Charges Coming Soon in Blackwater Shooting
Update: Five Guards Charged
The Post's Del Quentin Wilber reports: The guards, all former U.S. military personnel, were working as security contractors for the State Department, assigned to protect U.S. diplomats and other non-military officials in Iraq. Federal prosecutors obtained the indictment Thursday. It has been sealed, and prosecutors declined to comment on any aspect of the investigation. The exact charges could not be determined.
Blackwater security contractors involved in a deadly shooting in Iraq in 2007 could potentially face lengthy prison terms if convicted of manslaughter and assault charges that could be filed as early as next week.
The Sept. 16, 2007, shooting in Baghdad left 17 people dead after an armed standoff between Blackwater and Iraqi security forces.
The Associated Press quotes sources close to the case as saying that the Justice Department may seek 30-year prison sentences under the Anti-Drug Abuse Act of 1988, which institutes stiff sentences when machine guns are used in any crime, drug-related or not.
However, prosecutors face a major legal obstacle in charging Blackwater guards with overseas crimes. The law they will use is meant to cover soldiers and military contractors. But Blackwater works for the State Department, not the Pentagon.
In his new book, "Big Boy Rules: America's Mercenaries Fighting in Iraq," The Post's Steve Fainaru wrote that the killings at the crowded Baghdad traffic circle first brought "the magnitude of this private war" to the public.
"With its AH-6 'Little Bird' helicopters flitting around Baghdad, their door gunners training machine guns on the populace, and an array of offensive weapons, Blackwater was already a force unto itself," Fainaru wrote. "But its marriage to the State Department shielded it."
Witnesses and the Iraqi government insisted that the shooting by the private guards, many of whom are highly-decorated military veterans, was unprovoked. Blackwater claims that its guards returned fire only after they were shot at.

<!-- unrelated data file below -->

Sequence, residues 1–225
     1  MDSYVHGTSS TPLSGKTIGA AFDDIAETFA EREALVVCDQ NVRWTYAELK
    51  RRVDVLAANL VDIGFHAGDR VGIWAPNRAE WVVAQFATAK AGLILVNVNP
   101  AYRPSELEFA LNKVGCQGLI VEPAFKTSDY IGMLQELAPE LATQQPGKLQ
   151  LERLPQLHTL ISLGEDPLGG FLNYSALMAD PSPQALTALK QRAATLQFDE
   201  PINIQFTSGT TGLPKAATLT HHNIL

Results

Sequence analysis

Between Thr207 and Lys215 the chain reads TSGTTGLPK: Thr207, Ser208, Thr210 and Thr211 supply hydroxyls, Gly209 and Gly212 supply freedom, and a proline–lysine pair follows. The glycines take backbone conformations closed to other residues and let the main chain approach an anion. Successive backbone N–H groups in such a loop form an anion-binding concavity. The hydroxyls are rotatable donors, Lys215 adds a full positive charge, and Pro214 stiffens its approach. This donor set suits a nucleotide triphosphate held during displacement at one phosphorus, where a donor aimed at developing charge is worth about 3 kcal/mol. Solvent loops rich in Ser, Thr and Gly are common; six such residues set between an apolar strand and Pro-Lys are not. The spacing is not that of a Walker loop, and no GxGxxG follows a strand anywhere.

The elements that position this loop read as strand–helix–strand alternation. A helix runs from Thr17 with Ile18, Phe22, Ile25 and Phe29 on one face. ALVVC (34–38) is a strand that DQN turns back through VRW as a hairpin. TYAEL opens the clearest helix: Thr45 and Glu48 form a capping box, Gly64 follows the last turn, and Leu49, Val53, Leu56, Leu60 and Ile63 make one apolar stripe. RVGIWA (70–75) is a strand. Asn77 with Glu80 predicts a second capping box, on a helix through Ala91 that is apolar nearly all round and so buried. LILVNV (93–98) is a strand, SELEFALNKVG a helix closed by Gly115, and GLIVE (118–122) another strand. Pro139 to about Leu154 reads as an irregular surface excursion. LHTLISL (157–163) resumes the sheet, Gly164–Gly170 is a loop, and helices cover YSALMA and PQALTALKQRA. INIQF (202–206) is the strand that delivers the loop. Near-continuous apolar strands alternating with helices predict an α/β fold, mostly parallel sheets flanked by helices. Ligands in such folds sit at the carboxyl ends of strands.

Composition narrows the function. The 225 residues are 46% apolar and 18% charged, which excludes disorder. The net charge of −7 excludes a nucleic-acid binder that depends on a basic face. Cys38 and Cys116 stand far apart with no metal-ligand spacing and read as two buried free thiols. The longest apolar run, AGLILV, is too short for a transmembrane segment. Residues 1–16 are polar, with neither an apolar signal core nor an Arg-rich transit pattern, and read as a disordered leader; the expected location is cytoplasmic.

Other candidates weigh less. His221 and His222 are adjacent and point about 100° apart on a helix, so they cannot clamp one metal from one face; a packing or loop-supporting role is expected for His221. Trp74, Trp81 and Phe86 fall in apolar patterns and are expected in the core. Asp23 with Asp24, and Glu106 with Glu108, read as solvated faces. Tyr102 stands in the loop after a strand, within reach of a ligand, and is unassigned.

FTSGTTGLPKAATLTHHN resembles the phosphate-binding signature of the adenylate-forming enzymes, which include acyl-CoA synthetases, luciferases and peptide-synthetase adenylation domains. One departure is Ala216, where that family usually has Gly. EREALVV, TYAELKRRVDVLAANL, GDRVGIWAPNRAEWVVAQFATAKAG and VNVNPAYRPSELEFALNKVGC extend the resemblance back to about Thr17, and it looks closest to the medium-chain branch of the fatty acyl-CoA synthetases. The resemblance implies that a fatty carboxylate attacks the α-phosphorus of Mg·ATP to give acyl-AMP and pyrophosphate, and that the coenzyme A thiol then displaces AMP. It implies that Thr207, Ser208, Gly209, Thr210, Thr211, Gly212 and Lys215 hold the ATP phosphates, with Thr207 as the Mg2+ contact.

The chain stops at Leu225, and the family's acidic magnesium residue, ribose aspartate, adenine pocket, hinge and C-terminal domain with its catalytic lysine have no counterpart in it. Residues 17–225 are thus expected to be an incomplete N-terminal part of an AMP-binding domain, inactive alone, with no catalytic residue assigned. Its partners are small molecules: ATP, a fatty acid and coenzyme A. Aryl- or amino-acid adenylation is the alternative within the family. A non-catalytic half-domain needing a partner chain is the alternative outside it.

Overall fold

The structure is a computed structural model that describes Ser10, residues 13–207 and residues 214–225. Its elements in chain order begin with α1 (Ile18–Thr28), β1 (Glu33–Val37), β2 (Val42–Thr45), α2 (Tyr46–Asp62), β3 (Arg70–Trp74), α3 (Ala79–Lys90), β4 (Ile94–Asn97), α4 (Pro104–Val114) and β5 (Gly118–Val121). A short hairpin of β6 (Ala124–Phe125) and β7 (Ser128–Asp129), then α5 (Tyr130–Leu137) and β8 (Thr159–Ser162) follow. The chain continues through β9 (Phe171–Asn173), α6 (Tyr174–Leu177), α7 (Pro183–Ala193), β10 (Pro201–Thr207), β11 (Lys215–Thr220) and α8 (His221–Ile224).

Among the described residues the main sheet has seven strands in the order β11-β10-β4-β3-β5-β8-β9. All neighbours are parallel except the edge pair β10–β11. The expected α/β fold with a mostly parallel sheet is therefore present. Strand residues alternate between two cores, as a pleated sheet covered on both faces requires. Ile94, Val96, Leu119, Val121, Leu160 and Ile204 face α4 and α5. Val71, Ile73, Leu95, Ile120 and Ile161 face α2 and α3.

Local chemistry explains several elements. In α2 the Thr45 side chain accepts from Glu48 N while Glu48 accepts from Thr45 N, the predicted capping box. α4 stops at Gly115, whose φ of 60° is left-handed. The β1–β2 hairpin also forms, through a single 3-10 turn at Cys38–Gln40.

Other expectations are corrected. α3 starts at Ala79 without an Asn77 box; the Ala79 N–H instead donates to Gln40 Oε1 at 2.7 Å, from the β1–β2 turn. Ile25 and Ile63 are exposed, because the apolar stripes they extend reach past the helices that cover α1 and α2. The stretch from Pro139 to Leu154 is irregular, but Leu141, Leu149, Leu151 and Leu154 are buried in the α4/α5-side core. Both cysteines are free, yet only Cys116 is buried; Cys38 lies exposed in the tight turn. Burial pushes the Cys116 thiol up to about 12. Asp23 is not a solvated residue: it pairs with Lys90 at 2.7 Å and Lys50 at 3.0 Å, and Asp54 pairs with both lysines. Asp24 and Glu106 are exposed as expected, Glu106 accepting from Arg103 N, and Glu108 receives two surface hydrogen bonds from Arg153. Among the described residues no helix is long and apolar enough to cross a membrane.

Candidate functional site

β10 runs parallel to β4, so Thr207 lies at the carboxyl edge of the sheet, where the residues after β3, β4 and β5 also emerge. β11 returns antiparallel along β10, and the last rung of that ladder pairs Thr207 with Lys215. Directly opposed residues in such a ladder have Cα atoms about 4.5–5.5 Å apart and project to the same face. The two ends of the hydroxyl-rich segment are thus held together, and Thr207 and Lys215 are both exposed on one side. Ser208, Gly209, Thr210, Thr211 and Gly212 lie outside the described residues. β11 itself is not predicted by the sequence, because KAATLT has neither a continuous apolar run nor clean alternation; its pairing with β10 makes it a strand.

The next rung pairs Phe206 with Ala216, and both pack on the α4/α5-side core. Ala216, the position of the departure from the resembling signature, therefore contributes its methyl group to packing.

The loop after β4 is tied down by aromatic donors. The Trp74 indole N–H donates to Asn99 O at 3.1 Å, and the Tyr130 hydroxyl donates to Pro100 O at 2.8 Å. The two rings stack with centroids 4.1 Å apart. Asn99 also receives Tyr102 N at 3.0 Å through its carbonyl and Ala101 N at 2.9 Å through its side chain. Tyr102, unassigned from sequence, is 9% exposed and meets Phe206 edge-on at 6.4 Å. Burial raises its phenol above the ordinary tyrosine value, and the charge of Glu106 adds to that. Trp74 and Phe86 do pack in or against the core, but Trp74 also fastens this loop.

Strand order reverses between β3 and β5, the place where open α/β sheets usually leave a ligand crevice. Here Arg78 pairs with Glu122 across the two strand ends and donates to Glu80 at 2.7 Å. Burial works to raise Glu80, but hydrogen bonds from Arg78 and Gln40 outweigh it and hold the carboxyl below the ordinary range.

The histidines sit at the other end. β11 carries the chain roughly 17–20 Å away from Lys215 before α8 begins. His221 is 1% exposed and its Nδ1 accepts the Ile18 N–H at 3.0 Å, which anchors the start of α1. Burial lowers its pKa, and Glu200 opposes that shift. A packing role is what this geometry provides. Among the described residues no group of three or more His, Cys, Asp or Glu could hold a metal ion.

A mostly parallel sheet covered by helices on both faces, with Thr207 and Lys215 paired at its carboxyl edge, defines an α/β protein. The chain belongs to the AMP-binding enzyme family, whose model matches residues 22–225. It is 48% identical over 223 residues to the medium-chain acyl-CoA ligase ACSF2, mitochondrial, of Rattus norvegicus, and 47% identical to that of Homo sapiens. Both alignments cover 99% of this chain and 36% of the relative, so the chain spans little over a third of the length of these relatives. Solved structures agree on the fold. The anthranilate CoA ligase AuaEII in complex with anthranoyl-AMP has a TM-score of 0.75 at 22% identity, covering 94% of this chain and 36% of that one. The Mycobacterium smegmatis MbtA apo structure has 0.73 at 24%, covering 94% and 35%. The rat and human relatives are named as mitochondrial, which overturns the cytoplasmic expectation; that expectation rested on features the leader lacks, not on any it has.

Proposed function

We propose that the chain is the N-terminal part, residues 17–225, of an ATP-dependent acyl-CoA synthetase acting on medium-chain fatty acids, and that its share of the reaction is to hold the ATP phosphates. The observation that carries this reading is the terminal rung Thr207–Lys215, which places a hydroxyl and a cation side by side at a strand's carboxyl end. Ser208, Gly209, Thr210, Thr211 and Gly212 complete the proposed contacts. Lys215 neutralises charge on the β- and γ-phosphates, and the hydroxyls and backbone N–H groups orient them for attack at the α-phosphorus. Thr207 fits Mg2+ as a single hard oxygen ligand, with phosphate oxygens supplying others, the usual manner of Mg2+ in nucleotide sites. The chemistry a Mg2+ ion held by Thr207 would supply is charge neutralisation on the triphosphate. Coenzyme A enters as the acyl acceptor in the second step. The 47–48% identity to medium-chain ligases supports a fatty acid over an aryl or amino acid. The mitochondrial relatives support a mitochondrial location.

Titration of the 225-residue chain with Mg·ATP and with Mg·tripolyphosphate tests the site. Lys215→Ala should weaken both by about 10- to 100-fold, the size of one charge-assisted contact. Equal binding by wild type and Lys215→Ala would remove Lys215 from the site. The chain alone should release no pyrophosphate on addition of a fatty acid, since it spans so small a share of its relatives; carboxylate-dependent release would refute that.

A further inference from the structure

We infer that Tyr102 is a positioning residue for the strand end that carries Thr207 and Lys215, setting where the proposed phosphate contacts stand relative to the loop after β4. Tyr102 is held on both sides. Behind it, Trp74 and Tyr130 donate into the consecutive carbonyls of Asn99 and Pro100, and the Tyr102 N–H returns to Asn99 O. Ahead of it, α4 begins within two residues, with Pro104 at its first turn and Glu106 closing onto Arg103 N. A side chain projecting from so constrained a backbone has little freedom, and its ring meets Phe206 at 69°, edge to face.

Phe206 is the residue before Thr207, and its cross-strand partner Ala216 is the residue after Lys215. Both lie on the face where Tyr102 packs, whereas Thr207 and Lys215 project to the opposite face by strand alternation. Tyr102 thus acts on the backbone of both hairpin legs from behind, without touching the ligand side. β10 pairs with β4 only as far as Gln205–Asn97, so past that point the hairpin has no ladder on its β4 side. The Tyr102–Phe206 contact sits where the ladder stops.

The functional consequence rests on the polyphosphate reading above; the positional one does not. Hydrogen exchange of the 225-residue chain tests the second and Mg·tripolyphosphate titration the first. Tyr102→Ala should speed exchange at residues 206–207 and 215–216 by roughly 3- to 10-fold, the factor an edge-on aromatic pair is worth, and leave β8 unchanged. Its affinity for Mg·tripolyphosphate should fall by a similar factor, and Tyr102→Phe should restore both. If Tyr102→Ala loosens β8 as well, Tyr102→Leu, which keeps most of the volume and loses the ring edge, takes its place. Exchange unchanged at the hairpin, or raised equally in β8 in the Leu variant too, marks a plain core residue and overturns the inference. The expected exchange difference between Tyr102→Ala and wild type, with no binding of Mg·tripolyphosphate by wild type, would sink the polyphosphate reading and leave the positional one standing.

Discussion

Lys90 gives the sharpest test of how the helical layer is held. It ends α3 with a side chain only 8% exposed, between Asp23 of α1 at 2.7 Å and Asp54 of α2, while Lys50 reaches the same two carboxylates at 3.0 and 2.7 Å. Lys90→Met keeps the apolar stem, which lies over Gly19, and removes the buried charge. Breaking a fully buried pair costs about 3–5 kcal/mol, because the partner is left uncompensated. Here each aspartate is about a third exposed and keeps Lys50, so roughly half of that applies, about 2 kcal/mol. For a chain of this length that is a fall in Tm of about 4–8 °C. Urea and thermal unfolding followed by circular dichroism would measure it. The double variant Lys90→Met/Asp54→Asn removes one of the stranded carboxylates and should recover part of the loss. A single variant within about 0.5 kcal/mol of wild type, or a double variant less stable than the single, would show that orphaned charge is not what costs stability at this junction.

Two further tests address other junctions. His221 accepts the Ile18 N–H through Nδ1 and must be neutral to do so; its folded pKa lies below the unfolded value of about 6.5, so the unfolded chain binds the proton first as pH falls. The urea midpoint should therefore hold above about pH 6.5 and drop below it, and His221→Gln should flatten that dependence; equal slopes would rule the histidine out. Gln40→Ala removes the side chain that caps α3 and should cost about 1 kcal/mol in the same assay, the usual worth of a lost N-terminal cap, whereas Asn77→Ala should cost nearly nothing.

The shooting occurred shortly after noon in Nisoor Square as three Blackwater teams escorted a military team back to Baghdad's heavily-fortified Green Zone. A car bomb detonated, followed by the armed standoff.
Senior Iraqi officials repeatedly complained to U.S. officials about the North Carolina firm's alleged involvement in the deaths of numerous Iraqis, but the Americans took little action to regulate Blackwater.
A U.S. official familiar with the investigation told The Post at the time that participants in the shooting reported at least one of Blackwater guards drawing a weapon on his colleagues and screaming for them to "stop shooting."
The Justice Department later sent FBI agents to Iraq to investigate what happened. Blackwater, which is not the subject of the investigation, has cooperated with investigators.
Prosecutors have questioned dozens of witnesses in the case, including the father of a young boy killed in the shooting. The State Department promised several Blackwater guards limited immunity in exchange for their sworn statements and the contractors are immune from Iraqi law under a 2003 U.S. occupation decree.
The State Department renewed its contract with Blackwater in April.
By Derek Kravitz |
December 5, 2008; 7:33 PM ET
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